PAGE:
Voting by mail expected to be popular choice this year
Stand in line or mail it in? Those are the choices we have when we cast our ballots in August for the Florida primary and in November’s general election.
There’s already a clear trend of how people plan to vote this year, so Southwest Florida counties are getting ready.
Lee County Supervisor of Elections Tommy Doyle predicts 60 percent of all registered voters will vote by mail.
“I can see in this upcoming election we will have in-person voting and vote by mail, and vote by mail will be the biggest part of it,” he said.
Miami-Dade, Broward and Palm Beach counties will push to make that number much higher by sending every registered voter a mail-in ballot.
That isn’t an option in Collier County.
“We do not have the resources to do all mail ballots this year,” said Jennifer Edwards, Collier County supervisor of elections.
In other words, they don’t have the money.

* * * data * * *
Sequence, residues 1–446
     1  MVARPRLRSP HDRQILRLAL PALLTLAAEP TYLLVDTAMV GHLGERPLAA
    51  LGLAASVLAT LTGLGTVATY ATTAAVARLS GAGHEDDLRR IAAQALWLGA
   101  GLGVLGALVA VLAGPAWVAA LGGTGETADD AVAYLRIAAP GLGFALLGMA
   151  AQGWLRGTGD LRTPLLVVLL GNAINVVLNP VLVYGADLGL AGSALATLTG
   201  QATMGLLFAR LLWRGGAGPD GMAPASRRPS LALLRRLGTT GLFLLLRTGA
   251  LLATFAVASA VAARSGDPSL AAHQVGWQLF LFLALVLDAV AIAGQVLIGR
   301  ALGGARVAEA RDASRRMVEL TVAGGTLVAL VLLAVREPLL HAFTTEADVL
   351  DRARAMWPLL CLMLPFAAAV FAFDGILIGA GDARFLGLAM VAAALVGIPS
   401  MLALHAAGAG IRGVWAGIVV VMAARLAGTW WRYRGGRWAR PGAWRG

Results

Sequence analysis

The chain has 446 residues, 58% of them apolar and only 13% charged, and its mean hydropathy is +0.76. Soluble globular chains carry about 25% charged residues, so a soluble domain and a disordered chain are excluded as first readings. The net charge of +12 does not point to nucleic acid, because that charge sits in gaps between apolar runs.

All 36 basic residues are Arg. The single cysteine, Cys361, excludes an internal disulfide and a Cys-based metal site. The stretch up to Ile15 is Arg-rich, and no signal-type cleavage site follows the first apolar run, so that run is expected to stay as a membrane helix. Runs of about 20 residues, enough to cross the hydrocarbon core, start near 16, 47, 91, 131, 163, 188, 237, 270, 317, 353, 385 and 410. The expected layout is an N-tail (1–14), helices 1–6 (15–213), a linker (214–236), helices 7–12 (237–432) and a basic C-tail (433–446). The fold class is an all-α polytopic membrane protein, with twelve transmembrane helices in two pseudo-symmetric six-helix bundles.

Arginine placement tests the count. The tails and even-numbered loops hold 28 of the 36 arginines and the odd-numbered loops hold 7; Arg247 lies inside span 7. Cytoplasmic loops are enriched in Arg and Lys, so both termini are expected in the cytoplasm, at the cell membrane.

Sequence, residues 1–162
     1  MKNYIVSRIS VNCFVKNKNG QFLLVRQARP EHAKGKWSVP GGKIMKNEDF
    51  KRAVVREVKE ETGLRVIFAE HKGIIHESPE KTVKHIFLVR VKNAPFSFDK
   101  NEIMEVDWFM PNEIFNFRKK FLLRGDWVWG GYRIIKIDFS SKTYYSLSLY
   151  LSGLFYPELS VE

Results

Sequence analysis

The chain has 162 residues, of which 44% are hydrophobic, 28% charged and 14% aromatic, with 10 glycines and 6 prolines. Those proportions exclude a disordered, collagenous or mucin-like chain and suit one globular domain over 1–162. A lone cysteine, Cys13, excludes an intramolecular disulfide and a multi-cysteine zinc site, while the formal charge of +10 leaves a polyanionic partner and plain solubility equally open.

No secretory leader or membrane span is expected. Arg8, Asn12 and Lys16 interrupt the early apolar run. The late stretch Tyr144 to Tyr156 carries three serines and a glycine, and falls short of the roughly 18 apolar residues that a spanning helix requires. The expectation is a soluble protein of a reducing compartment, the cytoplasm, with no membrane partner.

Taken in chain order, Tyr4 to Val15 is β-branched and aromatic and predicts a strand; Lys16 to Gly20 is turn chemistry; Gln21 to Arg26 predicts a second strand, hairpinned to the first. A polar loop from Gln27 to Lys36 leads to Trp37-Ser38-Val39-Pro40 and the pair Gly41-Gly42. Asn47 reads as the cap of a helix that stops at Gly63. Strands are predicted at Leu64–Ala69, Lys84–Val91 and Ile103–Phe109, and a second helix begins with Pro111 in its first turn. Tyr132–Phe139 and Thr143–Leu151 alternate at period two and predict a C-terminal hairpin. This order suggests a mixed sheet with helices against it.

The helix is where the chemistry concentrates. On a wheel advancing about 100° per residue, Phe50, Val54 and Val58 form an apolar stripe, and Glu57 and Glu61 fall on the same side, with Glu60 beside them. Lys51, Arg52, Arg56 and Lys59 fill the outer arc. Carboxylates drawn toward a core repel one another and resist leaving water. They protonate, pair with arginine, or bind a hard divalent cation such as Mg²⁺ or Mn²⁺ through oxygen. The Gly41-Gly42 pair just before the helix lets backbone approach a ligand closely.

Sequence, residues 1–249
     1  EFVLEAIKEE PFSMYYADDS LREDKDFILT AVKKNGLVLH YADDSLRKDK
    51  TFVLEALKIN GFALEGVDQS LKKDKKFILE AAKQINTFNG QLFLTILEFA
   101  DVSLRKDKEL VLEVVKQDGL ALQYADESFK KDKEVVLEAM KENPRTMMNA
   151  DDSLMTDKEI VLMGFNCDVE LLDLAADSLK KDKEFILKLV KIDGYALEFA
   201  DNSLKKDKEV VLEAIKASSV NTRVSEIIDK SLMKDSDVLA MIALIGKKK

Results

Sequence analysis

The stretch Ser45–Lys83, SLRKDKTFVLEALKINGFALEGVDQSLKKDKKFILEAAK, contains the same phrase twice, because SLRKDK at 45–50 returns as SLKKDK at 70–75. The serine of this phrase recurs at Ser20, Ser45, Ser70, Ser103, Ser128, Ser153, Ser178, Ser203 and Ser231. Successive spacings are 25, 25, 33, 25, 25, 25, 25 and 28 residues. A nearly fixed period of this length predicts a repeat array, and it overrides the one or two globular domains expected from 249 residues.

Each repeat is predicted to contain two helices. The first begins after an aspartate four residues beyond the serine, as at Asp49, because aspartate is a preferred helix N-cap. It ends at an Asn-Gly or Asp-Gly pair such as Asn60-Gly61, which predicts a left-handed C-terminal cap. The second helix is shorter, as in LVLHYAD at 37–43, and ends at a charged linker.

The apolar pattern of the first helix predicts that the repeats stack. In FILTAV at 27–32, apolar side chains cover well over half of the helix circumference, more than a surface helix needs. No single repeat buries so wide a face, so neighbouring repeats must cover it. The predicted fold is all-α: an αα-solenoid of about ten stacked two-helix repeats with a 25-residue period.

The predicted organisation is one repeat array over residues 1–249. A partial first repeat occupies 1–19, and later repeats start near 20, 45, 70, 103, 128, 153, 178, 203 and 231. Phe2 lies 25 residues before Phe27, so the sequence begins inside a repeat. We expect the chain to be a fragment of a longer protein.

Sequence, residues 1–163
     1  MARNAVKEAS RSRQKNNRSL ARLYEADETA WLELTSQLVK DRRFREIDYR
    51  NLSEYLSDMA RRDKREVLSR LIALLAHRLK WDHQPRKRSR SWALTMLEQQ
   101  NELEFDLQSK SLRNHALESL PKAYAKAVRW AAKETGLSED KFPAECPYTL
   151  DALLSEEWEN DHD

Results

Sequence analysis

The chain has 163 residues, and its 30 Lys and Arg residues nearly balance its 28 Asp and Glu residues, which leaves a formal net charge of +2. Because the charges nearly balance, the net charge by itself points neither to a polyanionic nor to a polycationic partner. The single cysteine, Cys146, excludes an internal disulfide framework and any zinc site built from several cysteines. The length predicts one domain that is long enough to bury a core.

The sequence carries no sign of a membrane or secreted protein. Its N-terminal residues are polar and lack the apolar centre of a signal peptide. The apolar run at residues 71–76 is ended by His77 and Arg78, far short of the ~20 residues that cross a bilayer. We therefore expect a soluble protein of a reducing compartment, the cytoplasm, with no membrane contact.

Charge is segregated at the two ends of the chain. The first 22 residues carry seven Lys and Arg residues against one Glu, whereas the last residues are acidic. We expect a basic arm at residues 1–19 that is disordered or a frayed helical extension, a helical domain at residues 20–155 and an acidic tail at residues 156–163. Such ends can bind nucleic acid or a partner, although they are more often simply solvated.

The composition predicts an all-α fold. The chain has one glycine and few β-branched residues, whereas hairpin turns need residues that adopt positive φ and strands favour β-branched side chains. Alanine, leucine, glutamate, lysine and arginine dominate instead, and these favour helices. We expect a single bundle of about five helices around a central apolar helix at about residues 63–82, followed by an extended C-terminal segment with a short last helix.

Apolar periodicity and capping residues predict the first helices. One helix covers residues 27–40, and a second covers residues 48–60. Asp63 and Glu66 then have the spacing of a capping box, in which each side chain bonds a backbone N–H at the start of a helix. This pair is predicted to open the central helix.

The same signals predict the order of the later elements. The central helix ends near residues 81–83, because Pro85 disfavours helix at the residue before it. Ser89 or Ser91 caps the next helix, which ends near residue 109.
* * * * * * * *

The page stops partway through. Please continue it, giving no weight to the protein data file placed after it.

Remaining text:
The cost of the paper, printing and postage for hundreds of thousands of registered voters on short notice could only happen with help from the state.
The other hurdle is convincing people who vote by mail that their vote will count.
“People don’t trust the post office,” Doyle said. “People don’t trust people handling it, worried about their ballots getting thrown away.”
He said people should be “very confident” that their mail-in ballots will be counted.
“It’s going to be interesting to watch as we get closer to Election Day, for both the August primary and general election to see what changes for all of us,” Edwards said.
To get a mail-in ballot, you can visit the Supervisor of Elections website in the county where you live.